PGNX & Azedra: A Misleading Press Release? Correcting a Common Legal & Regulatory Misconception.

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  • PGNX announced a 3-month extension to Azedra’s PDUFA action date.
  • PGNX mentioned the extension was not related to safety/efficacy data.
  • Some investors believe this means Azedra’s NDA has no safety/efficacy issues.
  • There is no solid legal or regulatory basis for this belief.


On March 22nd, 2018, Progenics Pharmaceuticals, Inc. (PGNX) issued a press release where they stated that the Azedra PDUFA action date was pushed forward 3-months.

PGNX stated the reason for the extension of the action date: it was as a result of the submission of additional CMC (Chemistry, Manufacturing, and Controls) data on their part.

The extension is the result of the submission of additional Chemistry, Manufacturing, and Controls (CMC) information by Progenics, which required additional time for FDA review.


On the surface of things, this is very good news for investors, as CMC-related issues alone are some of the simplest to solve when compared to safety/efficacy concerns.

That being said, it would be remiss to forego the fact that only ~11% of CRLs are issued solely due to CMC related affairs. So if Azedra’s NDA does have CRL-worthy obstacles, it’s highly likely they’re not limited to CMC.


Yet PGNX went on to take the time to specifically highlight that the extension was not as a result of safety and efficacy related concerns.

The standard three-month extension is not related to the efficacy or safety data of AZEDRA.

This little insert, and more so the public misinterpretation of its wording by some, implied to many investors the “fact” that the Azedra NDA does not face any safety or efficacy concerns.

This misconception could not be further from the truth.

The legal and regulatory reasons for this are discussed below.


The FDA issued the standard 3-month extension because it considered the newly submitted information as significant enough to require additional time for review.

While not common, such delays are not unheard of by any means. Furthermore, investors should know that such extensions, on their own, do not mean that the drug will be rejected.

Plenty of drugs in exactly the same spot PGNX finds itself in now were ultimately approved even upon first review. So a small sigh of relief is in order.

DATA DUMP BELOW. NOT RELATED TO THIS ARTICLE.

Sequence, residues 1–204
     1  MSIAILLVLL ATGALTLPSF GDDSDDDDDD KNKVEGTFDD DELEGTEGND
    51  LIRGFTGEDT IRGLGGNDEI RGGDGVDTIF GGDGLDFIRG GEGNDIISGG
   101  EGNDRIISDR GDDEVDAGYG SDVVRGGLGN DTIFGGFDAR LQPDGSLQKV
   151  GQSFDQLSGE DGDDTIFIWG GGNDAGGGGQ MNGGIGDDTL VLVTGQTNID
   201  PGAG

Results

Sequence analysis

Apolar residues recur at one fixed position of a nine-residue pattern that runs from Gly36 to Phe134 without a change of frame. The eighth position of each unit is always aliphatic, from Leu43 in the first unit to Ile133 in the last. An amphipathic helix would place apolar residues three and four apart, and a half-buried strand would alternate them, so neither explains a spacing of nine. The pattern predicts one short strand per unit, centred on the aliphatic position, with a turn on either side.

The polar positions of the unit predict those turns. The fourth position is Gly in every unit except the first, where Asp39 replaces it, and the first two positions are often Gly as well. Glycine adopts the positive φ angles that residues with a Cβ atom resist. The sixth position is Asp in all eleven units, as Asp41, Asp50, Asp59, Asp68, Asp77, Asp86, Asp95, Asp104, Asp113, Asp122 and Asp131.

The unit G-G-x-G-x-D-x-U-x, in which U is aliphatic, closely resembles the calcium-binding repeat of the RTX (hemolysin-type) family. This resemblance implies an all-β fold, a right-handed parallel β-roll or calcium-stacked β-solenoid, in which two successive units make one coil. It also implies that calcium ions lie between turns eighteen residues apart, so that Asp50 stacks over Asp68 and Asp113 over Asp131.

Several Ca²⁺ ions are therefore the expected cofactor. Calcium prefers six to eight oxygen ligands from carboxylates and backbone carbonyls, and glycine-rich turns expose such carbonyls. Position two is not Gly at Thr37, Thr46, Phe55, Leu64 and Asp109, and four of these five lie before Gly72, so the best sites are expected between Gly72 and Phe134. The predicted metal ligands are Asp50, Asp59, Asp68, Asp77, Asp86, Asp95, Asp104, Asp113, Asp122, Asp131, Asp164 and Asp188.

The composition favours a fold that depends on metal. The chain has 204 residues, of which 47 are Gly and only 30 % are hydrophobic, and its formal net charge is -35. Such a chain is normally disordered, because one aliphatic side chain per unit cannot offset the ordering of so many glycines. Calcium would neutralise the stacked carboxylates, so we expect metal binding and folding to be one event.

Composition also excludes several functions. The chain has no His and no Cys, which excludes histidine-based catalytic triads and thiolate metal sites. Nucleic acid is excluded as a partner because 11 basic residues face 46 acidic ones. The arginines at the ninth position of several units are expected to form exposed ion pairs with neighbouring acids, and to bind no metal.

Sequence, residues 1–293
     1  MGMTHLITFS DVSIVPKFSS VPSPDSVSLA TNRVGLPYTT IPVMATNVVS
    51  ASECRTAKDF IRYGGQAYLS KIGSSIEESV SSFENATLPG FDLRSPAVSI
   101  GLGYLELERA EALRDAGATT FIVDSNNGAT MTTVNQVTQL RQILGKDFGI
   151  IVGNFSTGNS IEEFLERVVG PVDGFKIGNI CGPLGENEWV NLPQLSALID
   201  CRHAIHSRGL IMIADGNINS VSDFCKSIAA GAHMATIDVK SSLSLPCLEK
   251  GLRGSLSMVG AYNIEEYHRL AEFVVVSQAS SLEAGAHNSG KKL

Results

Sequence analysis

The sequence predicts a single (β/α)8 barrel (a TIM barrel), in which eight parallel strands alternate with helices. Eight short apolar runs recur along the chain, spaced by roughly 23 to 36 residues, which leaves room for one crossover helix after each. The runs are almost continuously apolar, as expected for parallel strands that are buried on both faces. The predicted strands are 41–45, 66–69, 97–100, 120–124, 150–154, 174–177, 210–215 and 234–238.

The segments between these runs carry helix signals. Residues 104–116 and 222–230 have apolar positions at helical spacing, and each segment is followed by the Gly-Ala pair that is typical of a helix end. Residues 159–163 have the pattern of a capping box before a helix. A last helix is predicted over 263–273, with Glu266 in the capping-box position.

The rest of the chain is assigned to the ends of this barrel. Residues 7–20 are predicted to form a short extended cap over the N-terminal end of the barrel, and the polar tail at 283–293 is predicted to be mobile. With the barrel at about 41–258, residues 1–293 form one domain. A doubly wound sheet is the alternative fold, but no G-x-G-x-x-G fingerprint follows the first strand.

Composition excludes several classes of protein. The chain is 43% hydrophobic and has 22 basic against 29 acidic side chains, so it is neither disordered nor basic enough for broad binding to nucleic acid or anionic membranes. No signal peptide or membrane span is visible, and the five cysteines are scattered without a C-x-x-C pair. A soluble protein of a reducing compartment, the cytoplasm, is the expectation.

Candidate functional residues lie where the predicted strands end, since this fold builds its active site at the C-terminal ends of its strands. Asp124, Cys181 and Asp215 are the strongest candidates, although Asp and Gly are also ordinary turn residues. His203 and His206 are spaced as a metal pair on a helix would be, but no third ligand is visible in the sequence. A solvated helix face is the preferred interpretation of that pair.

But let’s underline something above: it’s the submission of such information that triggered the extension, not the request for information itself.

This means the FDA had requested the CMC information quite a bit ago but most investors only learned of the FDA’s request after PGNX responded to it, the extension was triggered, and the company chose to inform us.

This helps underscore the fact that the majority of the events behind a sponsor’s NDA review are completely confidential.

Ergo, a drug sponsor is under no regulatory/legal pressure to release much (if any) information on these events; nor any conclusions thereof (e.g. the reasons for a CRL, if issued).

By extension, PGNX has no duty to disclose any FDA-related inquiries in the interim either.

Now, some companies might voluntarily release a bit of information with respect to the NDA review in press releases, meetings, presentations, and the like. But if they choose to release any information, it doesn’t have to include the details investors want.


There are actually only a handful of “clear” legal rules with respect to a drug sponsor’s release of information as it pertains to all of the stages of drug development and approval.

Keeping in mind the fact that a few notable exceptions to the generally accepted rules discussed below have occurred, here are some of those rules:

1. Broadly speaking, a company isn’t obligated to release important information regarding any stage of drug development. The exception is that if some new information contradicts previously optimistic public statements on a similar matter, then PGNX must make the new info public.

2. More specifically to our case, if a statement about a stage of development/approval is volunteered, then that statement itself should not be false or misleading.

Consequently, because PGNX stated that the three month extension is not as a result of safety and efficacy issues, we should believe them and avoid assuming that it’s a false or misleading statement (otherwise it’s a serious legal matter).

Of course, the definition of what is “misleading” is controversial but that discussion is beyond this article’s scope and we presume it’s not relevant herein.